American Tract Society Bible Dictionary
The fourth son of Jacob and Leah, born in Mesopotamia, B. C. 1755, Genesis 29:35 . His name appears honorably in the history of Joseph, Genesis 37:26,27 44:16-34; but disgracefully in that of Tamar his daughter-in-law, Genesis 38:1-30 . The dying benediction of Jacob foretells the superior power and prosperity of the family of Judah, and their continuance as chief of the Jewish race until the time of Christ, Genesis 49:8-12 . Though not the firstborn, Judah soon came to be considered as the chief of Jacob's children, and his tribe was the most powerful and numerous. The southeastern part of Palestine fell to their lot. See JUDEA . On the border of their territory was Jerusalem, the seat of the Jewish worship; and from Judah sprung David and his royal race, from which descended the Savior of the world.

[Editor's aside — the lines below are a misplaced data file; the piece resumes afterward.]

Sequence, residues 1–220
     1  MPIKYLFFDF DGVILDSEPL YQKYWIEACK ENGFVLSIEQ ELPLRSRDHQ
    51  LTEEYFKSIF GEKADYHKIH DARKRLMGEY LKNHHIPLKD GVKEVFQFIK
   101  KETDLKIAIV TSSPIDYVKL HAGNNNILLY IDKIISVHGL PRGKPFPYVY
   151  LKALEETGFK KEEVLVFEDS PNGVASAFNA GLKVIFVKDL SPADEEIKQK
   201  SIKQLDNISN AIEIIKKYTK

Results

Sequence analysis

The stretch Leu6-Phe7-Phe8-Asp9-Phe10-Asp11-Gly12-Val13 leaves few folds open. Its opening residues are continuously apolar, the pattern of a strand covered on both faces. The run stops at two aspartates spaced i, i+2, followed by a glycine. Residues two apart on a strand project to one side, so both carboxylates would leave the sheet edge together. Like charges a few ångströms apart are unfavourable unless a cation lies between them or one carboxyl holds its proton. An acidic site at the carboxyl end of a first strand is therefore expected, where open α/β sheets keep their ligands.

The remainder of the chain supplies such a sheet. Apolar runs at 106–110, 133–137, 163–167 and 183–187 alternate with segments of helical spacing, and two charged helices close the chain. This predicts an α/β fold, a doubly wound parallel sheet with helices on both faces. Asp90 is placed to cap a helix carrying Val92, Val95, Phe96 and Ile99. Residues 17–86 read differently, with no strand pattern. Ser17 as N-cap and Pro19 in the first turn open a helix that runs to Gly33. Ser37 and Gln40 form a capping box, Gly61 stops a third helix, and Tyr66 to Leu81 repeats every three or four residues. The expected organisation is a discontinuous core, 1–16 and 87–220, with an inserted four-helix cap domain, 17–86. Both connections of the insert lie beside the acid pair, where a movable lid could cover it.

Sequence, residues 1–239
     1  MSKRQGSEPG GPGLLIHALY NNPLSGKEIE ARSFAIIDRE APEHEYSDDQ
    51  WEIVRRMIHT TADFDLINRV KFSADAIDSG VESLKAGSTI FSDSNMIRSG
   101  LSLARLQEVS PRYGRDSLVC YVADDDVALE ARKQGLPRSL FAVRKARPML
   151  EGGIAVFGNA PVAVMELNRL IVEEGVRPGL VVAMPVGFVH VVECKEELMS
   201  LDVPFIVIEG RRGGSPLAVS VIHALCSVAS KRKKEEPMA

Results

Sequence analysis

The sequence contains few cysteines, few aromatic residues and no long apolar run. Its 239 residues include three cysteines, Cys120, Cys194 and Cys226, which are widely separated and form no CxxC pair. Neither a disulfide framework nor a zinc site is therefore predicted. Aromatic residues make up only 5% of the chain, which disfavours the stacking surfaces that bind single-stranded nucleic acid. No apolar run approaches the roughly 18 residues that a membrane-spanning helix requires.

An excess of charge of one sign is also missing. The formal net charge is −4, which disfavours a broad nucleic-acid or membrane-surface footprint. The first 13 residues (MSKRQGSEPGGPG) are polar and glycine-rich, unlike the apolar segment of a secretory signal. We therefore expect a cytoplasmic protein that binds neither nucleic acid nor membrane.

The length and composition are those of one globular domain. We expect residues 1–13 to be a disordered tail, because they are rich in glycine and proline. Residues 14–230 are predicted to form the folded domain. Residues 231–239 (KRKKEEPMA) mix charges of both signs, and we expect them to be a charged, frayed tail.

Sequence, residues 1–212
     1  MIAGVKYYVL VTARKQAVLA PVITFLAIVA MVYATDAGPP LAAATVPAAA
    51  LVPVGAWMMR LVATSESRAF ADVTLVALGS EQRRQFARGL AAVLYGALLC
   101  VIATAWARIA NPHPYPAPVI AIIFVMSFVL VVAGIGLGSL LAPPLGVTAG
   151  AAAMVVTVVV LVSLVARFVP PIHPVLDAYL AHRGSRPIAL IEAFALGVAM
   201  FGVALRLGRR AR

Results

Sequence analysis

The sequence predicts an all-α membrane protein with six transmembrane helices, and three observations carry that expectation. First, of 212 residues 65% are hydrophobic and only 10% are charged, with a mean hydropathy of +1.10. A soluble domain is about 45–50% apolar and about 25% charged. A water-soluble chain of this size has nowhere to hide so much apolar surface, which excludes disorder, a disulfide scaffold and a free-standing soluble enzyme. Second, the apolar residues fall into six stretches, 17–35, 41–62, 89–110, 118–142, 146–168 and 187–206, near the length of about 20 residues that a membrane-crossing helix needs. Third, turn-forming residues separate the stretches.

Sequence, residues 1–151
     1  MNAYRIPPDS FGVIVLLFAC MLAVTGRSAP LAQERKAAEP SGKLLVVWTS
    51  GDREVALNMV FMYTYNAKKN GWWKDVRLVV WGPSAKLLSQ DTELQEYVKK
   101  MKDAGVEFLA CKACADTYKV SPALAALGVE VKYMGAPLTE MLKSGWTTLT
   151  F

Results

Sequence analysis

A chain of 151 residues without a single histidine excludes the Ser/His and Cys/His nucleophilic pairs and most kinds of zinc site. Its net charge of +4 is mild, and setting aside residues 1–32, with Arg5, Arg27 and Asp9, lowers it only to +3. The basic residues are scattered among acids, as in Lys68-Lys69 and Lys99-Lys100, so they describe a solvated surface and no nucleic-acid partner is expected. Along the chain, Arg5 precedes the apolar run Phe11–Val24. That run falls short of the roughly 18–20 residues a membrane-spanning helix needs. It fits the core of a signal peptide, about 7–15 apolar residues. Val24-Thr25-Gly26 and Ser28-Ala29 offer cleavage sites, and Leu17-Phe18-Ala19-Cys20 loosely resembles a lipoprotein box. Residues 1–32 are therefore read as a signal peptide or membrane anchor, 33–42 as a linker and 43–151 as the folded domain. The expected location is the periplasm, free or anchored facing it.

After the return from the captivity, this tribe in some sort united in itself the whole Hebrew nation, who from that time were known only as Judaei, Jews, descendants of Judah. Judah-when named in contradistinction to Israel, Ephraim, the kingdom of the ten tribes, or Samaria-denotes the kingdom of Judah, and of David's descendants. See HEBREWS and KINGS. One of the principal distinctions of this tribe is, that it preserved the true religion, and the public exercise of the priesthood, with the legal ceremonies in the temple at Jerusalem; while the ten tribes gave themselves up to idolatry and the worship of the golden calves.
These files are public domain and are a derivative of the topics are from American Tract Society Bible Dictionary published in 1859.
Rand, W. W. Entry for 'Judah'. American Tract Society Bible Dictionary. https://www.studylight.org/dictionaries/eng/ats/j/judah.html. 1859.